From her village in eastern India, 15-year-old Jyoti Kumari reflected on her desperate 1,200-kilometer (945-mile) bicycle journey home with her disabled father that has drawn international praise.
“I had no other option," she said Sunday. “We wouldn’t have survived if I hadn’t cycled to my village.”
Kumari said that she and her father risked starvation had they stayed in Gurugram, a suburb of New Delhi, with no income amid India’s coronavirus lockdown.
Migrant workers, who were stranded in the western state of Gujarat due to a lockdown imposed by the government to prevent the spread of coronavirus disease (COVID-19), wait to board a train at a railway station In Ahmedabad to leave for their home state of Uttar Pradesh, India. (Reuters)
India’s expansive railway system, the country’s lifeline, was closed to passenger service as part of the lockdown. Buses, planes and taxis were also banned. But earlier this month, the government resumed limited train travel for migrants wishing to return home.
For India’s economy, mostly composed of informal sector jobs, the lockdown has been crippling. The government has been easing restrictions in recent weeks to allow more people to go back to work.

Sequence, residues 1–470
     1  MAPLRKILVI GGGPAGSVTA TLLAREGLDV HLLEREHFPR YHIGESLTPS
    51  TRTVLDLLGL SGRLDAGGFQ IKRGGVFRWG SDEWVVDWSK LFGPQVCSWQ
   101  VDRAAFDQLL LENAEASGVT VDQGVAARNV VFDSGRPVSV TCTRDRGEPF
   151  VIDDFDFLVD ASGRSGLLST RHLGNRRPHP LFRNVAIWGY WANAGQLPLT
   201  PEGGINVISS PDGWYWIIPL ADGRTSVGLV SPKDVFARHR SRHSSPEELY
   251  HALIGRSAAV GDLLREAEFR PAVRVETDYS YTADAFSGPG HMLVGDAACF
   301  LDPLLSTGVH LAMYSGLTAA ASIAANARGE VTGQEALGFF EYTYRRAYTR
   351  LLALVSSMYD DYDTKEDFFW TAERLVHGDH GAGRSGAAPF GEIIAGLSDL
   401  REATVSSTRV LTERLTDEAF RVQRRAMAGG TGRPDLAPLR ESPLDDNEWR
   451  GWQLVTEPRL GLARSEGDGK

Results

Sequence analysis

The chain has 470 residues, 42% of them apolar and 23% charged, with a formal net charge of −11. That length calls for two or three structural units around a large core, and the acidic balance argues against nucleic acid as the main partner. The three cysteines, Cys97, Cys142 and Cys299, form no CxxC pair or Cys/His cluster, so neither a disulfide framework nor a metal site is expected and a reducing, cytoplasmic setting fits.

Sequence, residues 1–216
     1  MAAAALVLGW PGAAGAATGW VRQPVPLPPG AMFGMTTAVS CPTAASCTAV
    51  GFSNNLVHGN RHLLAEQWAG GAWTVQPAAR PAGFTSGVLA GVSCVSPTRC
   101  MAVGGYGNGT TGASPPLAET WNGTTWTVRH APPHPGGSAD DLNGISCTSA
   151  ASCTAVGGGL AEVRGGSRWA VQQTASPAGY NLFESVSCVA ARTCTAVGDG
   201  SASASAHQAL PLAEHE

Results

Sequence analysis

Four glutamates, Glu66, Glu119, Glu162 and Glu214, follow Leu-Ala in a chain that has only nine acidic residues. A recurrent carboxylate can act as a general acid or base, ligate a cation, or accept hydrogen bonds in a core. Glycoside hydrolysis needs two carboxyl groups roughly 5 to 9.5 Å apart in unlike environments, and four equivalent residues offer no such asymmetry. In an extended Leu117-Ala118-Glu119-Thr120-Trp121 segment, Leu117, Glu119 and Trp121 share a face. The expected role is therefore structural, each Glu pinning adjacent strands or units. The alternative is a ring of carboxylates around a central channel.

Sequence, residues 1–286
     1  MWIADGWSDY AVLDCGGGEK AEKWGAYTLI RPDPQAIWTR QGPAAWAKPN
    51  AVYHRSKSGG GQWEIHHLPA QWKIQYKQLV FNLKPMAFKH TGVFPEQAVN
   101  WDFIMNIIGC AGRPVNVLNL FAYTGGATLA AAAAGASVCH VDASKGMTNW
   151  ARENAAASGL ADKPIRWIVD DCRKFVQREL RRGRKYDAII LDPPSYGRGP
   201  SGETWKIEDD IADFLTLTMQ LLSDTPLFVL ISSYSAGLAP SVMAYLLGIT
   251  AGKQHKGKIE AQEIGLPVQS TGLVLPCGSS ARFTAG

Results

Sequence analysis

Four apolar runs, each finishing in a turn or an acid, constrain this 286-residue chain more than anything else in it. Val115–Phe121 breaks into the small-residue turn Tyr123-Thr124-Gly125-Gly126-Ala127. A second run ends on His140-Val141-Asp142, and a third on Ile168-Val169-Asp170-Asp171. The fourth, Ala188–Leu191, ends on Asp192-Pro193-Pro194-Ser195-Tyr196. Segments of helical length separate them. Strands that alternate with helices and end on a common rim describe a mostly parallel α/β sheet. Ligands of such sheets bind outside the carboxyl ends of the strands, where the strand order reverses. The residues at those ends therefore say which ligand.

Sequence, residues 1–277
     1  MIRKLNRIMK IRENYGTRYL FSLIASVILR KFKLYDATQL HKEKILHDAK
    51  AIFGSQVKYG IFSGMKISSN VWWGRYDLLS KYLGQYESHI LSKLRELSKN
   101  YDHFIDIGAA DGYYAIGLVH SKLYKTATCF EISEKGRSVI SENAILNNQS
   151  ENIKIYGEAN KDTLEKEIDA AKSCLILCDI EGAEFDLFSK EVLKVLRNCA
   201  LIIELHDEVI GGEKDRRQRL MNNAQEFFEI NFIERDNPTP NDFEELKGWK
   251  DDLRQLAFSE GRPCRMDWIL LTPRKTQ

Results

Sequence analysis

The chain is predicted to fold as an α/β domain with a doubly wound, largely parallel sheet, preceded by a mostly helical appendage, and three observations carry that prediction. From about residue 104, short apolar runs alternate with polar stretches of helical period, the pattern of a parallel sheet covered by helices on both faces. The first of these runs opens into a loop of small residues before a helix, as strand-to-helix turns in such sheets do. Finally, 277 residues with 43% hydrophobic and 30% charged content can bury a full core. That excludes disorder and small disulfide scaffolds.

Kumari heard about the special trains, but her father, unable to walk, wouldn’t have been able to reach the railway platform. So she decided they would bike.
15 yr old Jyoti Kumari, carried her wounded father to their home village on the back of her bicycle covering +1,200 km over 7 days.— Ivanka Trump (@IvankaTrump) May 22, 2020
This beautiful feat of endurance & love has captured the imagination of the Indian people and the cycling federation!🇮🇳 https://t.co/uOgXkHzBPz
Kumari’s journey caught the attention of the Cycling Federation of India. The racing body, which sends teams to the Olympics, has offered to bring her back to New Delhi by train for a tryout next month. It also resonated in Washington, with President Donald Trump’s daughter Ivanka Trump calling it “a beautiful feat of endurance and love" on Twitter.
Kumari said that while she was happy with the recognition, she hadn’t cycled her father home in pursuit of fame.
“It was a decision taken in desperation,” she said.